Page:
Many small and medium business owners in Australia feel unsure about their responsibilities when an employee is called for jury duty.
Whilst it doesn’t happen very often, jury duty is a central function of Australia’s justice system. It is considered a type of community service leave that applies to casual and permanent employees.
So, if an employee receives a request to attend jury duty, or jury duty selection, what happens next?
In this article, we’re unpacking the information employees need to know about jury duty, to help you feel more prepared if an employee is called to participate.
What is jury duty?
Within our legal system, certain criminal and civil trials rely on a panel of jurors to help in reaching a verdict.
If called to participate, an employee is required to be available to the courts (and absent from work) for the duration of the trial.
What happens if my employee is called for jury duty?
Under Australia’s National Employment Standards, employees are entitled to take leave for jury duty, in order to attend jury selection or to sit on a jury.
Because the duration of a trial can vary, there is no limit on the amount of community service leave an employee can take.
If your employee is called for jury duty, they should advise you of their expected leave period as soon as possible.
If an employee requests to take community service leave, you (as the employer) can request evidence of jury selection or jury duty attendance.
Unlike other forms of community service leave, leave for jury duty is usually paid. The courts pay an allowance, however this is not intended to substitute a salary or wage. In some states, employers must continue to pay full-time or part-time employees on jury duty their full wages, while other states require ‘make-up pay’, which is essentially the difference between the employee’s normal wages and the court payment.
This can be a highly nuanced and potentially costly situation, so we suggest that you seek tailored advice from an HR professional to make sure you’re covered.
Can I stop my employee from attending jury duty?
No. As outlined under Australia’s National Employment Standards, where required by Commonwealth, State or Territory law, your employee is entitled to take leave for jury duty or jury selection.
Therefore, as an employer, you must release any employee who is called for jury duty or jury duty selection.
Additionally, employee’s attending jury duty or selection are afforded certain protections, meaning that their employment, working hours and wages must not be threatened by their attendance, and employers cannot require the employee to take annual or personal leave to cover their absence.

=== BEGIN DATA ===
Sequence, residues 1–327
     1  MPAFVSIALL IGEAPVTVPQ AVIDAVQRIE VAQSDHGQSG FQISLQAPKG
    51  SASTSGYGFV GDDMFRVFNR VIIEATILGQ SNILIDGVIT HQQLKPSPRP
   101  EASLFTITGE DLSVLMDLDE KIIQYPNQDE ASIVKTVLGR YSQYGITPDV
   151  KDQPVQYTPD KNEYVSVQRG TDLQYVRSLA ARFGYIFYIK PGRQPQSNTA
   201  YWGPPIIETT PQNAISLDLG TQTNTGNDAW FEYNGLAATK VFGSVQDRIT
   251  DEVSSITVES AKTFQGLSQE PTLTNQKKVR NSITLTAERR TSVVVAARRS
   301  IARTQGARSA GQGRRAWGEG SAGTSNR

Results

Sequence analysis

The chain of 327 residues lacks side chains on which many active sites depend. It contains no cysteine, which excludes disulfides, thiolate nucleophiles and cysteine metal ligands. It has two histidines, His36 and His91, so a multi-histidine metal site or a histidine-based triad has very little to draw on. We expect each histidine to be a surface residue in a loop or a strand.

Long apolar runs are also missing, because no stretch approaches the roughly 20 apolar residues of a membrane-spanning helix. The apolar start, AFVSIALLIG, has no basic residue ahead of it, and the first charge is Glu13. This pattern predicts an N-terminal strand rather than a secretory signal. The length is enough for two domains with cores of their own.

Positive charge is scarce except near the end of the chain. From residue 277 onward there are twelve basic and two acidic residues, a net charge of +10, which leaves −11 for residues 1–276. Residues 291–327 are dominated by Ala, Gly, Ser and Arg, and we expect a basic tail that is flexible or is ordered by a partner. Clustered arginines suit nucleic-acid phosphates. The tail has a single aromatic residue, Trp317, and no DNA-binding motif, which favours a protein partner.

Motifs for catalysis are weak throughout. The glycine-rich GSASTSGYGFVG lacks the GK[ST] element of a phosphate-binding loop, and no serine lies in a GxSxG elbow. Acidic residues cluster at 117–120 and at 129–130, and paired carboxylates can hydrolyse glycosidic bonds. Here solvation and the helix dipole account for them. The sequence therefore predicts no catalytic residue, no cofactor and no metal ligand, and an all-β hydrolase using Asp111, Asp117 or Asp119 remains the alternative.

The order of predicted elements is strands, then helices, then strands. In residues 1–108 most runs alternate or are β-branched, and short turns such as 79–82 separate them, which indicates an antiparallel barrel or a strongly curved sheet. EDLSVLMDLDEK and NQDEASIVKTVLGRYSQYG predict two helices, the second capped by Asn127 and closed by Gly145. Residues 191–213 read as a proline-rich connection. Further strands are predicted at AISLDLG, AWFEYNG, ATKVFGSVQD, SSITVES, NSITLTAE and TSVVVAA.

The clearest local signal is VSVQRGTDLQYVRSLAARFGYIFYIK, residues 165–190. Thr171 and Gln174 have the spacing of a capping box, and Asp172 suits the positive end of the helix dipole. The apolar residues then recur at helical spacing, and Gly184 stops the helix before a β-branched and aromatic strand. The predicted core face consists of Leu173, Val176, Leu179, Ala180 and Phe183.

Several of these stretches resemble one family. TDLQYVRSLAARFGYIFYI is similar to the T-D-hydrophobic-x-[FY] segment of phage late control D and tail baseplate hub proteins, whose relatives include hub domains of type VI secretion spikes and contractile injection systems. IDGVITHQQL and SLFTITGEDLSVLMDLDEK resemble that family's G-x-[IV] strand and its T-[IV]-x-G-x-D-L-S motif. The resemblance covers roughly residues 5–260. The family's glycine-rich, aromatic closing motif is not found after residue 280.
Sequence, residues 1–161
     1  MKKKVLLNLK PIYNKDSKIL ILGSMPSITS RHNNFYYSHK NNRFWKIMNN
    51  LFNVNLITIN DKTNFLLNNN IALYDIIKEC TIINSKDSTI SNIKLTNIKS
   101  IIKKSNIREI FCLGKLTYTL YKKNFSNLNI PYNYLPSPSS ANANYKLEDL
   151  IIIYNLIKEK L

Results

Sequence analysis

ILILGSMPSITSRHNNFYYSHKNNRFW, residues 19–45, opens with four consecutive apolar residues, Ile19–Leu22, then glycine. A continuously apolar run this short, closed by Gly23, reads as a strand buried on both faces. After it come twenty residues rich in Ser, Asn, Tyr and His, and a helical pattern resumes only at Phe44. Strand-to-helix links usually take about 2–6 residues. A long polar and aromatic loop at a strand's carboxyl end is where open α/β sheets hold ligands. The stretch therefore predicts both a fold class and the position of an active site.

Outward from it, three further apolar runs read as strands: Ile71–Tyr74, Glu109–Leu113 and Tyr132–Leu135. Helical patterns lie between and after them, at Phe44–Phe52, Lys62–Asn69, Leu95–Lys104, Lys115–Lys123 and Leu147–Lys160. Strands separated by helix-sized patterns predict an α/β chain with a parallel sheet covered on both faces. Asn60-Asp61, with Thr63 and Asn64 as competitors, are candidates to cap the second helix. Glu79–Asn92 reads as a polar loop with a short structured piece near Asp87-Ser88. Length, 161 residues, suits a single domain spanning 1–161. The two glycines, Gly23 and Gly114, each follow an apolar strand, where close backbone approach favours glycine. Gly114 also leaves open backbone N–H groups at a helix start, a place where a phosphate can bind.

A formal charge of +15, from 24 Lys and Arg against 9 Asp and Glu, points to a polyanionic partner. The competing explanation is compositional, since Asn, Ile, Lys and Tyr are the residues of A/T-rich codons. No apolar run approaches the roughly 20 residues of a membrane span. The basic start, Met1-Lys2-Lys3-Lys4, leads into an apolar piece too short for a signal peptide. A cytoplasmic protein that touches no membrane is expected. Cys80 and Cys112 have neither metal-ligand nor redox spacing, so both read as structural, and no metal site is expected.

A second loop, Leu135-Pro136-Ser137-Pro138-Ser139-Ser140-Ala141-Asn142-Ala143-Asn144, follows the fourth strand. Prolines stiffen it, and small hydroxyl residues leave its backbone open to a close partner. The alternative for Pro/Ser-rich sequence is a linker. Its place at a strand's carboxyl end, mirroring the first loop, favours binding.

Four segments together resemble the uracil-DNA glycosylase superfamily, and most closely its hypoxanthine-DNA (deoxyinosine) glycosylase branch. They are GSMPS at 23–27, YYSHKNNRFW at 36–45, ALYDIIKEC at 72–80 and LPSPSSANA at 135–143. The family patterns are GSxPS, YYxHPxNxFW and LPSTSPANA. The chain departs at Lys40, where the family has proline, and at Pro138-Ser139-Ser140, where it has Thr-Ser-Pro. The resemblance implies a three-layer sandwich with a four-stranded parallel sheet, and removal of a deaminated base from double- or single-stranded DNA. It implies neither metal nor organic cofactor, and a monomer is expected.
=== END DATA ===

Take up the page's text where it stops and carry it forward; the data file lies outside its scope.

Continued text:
In certain circumstances, where the absence of your employee due to jury duty will cause severe hardship to your business, there is a process through which you can request that the employee be excused from jury duty, due to the impact of their service on your business.
This will not always be possible, and it’s important to request any exemptions as soon as you can.
Employees may also be excused from service for a number of personal reasons, including: caring responsibilities, medical conditions, and conflicts of interest.
What obligations does my employee have?
If an employee receives a summons for jury duty, they must:
- Notify you as soon as possible after receiving the jury duty request
- Outline the period of time they’re required to attend court
- Provide evidence that they have taken steps to receive the jury duty pay that is available to them
- Provide evidence of the amount of jury duty pay they have received / that is payable to them
- Work their regular working hours when not required to attend court.
What obligations do I have as an employer?
- Provide the appropriate amount of make-up pay to the employee
- Release the employee for the required jury service timeframe.
What else do I need to know?
- You cannot ask your employee to use any other type of leave, such as sick leave, for jury duty
- You can’t dismiss an employee for participating in jury duty
- Jury duty requirements differ at a state and territory level, so the rules can be different across Australia. The requirements may also differ depending on the type and status of employment.
How can DreamStone HR help? Every employer has a unique situation when it comes to jury duty. As this is a highly nuanced area of HR, we suggest connecting with an HR consultant to confirm you have legally covered all your bases. This is where the Dreamstone team can assist.
With substantial experience across all levels of HR we can provide valuable advice and support you to reach clarity on your jury duty obligations.
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